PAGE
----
In patients with acute alcoholic hepatitis, does pentoxifylline reduce mortality?Read More »

Statins for Subarachnoid Haemorrhage

Statins for Subarachnoid Haemorrhage

A 63 yr old woman collapsed at home and was brought into ED with a GCS of 3/15. She was a known hypertensive and hypercholesterolaemic. CT scan revealed a Fisher grade 3 subarachnoid haemorrhage. A ruptured middle cerebral artery was secured 24 hours later. She extubated on day 3 with a GCS of 13, but dropped her GCS to 10 on day 5 and was treated for vasospasm, which included continuing the nimodipine and simvastatin from her admission.

What is the evidence for ‘statins’ for the prevention of Vasospasm in Aneurysmal Subarachnoid Haemorrhage?Read More »

Massive Pulmonary Embolism

Massive Pulmonary Embolism

A 48 year old lady was admitted to critical care whilst suffering from sepsis secondary to severe cellulitis of her leg. She was obese with a BMI of 38 and was managed with insulin and oral anti-hyperglycaemics for type 2 diabetes mellitus. A doppler scan was unable to exclude a DVT. She had a further deterioration 30 hours later. Her sinus tachycardia accelerated to 130 bpm, along with a drop in blood pressure to 100/40. Arterial blood gas demonstrated an increasing A-a gradient as his FiO2 increased. Although such changes can occur in sepsis, the acute onset led to concerns regarding venous thromboembolism and pulmonary emboli.

What are the options for prevention of venous thromboembolism and pulmonary embolism?
Transfusion in Sepsis

Transfusion in Sepsis

A 85 year old man presented with acute bowel obstruction. He had a history of hypertension and diverticulitis disease, but was active for his age. He was not known to have coronary or any other vascular pathology. At laparotomy, a large diverticulitis abscess was identified. When this was manipulated, he developed an SVT with a ventricular rate of 210 bpm which progressed to VT. He received 1 mg adrenaline and 2 minutes CPR in total, with no electrical shocks. At this point perfusion and pressure returned. Surgery was expedited and simplified. He remained intubated and ventilated on ITU post-operatively. ECG demonstrated global t-wave inversion. He required noradrenaline and adrenaline to maintain blood pressure. During the initial 48 hours, his haemoglobin (Hb) fell from 11.9 g/dl to 8.1 g/dl, raising the suggestion of packed red cell (PRC) transfusion.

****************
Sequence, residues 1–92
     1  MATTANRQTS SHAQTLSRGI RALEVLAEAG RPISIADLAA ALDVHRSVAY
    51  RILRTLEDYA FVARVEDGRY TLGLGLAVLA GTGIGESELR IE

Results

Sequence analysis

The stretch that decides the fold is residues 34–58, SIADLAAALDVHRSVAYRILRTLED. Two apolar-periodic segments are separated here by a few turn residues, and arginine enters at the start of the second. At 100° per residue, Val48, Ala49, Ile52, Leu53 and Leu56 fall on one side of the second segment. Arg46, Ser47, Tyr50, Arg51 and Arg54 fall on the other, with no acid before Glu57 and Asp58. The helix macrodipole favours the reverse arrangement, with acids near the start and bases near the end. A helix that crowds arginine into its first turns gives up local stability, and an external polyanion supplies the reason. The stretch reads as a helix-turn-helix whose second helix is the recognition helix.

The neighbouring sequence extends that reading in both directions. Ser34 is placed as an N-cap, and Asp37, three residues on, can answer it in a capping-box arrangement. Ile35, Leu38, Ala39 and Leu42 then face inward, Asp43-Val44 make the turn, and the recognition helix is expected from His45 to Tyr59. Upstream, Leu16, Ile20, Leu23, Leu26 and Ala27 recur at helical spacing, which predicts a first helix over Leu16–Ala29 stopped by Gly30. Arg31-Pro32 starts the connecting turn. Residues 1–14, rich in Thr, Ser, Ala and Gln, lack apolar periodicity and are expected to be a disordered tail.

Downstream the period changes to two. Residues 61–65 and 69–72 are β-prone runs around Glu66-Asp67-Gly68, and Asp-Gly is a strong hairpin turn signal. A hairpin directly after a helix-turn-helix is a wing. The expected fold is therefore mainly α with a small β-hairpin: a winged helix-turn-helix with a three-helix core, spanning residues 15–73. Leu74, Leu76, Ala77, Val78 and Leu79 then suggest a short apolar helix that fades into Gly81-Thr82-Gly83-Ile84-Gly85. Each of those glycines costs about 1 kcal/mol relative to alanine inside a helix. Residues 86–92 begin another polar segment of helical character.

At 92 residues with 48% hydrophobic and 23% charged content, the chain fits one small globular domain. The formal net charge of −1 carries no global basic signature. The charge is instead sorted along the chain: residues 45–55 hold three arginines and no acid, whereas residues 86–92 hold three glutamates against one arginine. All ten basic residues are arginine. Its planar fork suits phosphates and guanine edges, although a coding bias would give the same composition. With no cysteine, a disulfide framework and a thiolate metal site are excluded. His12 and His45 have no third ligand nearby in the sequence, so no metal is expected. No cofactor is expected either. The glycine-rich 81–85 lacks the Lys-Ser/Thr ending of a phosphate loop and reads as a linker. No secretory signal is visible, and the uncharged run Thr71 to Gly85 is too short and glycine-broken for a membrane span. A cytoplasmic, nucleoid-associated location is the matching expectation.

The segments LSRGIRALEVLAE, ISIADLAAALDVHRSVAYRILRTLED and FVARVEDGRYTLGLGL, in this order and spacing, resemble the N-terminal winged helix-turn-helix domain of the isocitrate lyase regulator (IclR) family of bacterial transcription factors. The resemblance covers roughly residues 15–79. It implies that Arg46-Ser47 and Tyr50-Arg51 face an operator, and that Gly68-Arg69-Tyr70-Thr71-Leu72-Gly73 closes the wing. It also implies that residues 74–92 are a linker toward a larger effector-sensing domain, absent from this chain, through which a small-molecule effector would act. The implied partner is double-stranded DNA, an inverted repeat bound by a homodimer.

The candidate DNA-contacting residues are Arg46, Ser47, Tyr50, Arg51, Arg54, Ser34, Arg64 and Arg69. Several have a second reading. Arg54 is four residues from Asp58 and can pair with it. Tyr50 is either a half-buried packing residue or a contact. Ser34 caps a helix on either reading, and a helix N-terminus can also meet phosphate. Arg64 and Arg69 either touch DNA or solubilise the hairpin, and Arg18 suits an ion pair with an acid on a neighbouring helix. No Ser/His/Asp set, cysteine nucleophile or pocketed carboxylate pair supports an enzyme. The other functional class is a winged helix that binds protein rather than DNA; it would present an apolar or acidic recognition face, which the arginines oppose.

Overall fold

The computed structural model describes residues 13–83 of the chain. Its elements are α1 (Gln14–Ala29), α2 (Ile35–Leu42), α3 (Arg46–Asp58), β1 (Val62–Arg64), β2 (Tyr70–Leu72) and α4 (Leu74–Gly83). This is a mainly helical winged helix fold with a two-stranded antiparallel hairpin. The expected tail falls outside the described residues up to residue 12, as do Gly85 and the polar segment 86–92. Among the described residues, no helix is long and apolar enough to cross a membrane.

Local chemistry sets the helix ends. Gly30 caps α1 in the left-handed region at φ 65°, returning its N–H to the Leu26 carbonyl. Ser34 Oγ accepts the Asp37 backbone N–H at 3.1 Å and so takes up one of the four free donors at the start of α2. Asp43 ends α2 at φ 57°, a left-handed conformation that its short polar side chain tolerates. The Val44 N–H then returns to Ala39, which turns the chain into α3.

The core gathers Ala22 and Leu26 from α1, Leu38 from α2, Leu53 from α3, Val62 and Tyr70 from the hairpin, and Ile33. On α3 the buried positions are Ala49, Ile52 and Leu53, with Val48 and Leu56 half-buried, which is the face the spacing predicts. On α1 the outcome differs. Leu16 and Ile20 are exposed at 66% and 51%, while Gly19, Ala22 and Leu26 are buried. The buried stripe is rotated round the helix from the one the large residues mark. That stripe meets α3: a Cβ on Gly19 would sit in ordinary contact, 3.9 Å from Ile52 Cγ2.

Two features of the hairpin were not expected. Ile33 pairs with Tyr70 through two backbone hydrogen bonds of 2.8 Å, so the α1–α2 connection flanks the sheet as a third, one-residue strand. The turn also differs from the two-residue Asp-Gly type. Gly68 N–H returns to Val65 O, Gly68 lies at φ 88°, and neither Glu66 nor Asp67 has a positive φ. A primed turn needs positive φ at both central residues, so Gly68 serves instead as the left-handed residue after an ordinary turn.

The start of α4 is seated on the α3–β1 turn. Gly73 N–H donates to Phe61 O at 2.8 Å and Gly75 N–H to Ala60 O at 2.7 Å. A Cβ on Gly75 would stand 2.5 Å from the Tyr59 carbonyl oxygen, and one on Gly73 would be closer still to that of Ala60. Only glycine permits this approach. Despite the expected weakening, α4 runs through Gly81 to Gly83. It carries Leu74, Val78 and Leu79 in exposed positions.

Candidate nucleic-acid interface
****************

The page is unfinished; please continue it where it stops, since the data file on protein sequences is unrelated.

What is the most appropriate threshold to transfuse packed red cells in critically ill patients?Read More »

Tranexamic Acid in Trauma

Tranexamic Acid in Trauma

A 19 year old man experienced a head on collision as the driver of a car. He suffered significant lower limb open fractures, pelvic fractures, lung injuries and a small subarachnoid bleed. Initial management was performed in ED and included oxygen, IV access and fluid, lower limb and spine immobilisation, and analgesia. He underwent a trauma series CT scan, which identified the various injuries given above. At no point was his level of consciousness a concern, and he maintained his own patent airway throughout. He did not show signs of haemodynamic instability or evidence of life threatening haemorrhage. Tranexamic acid (TXA) was not given.

What is the evidence for using tranexamic acid in trauma?